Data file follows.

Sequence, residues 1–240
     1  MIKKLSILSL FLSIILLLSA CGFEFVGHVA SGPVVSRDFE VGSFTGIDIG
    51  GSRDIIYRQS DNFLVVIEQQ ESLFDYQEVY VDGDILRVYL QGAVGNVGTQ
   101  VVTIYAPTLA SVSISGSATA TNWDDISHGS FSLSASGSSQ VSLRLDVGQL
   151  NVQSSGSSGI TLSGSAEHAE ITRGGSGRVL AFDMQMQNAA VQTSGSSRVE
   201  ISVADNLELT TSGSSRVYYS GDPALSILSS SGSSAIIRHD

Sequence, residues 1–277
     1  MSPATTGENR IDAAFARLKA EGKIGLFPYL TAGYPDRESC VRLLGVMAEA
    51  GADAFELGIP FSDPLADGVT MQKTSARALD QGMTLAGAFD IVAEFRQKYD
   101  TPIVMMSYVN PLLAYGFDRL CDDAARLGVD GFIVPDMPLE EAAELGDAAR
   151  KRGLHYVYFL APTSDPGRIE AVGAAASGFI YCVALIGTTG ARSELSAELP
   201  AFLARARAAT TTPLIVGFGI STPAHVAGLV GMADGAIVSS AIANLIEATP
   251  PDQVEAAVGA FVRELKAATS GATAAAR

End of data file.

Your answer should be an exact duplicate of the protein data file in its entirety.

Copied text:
Sequence, residues 1–240
     1  MIKKLSILSL FLSIILLLSA CGFEFVGHVA SGPVVSRDFE VGSFTGIDIG
    51  GSRDIIYRQS DNFLVVIEQQ ESLFDYQEVY VDGDILRVYL QGAVGNVGTQ
   101  VVTIYAPTLA SVSISGSATA TNWDDISHGS FSLSASGSSQ VSLRLDVGQL
   151  NVQSSGSSGI TLSGSAEHAE ITRGGSGRVL AFDMQMQNAA VQTSGSSRVE
   201  ISVADNLELT TSGSSRVYYS GDPALSILSS SGSSAIIRHD

Sequence, residues 1–277
     1  MSPATTGENR IDAAFARLKA EGKIGLFPYL TAGYPDRESC VRLLGVMAEA
    51  GADAFELGIP FSDPLADGVT MQKTSARALD QGMTLAGAFD IVAEFRQKYD
   101  TPIVMMSYVN PLLAYGFDRL CDDAARLGVD GFIVPDMPLE EAAELGDAAR
   151  KRGLHYVYFL APTSDPGRIE AVGAAASGFI YCVALIGTTG ARSELSAELP
   201  AFLARARAAT TTPLIVGFGI STPAHVAGLV GMADGAIVSS AIANLIEATP
   251  PDQVEAAVGA FVRELKAATS GATAAAR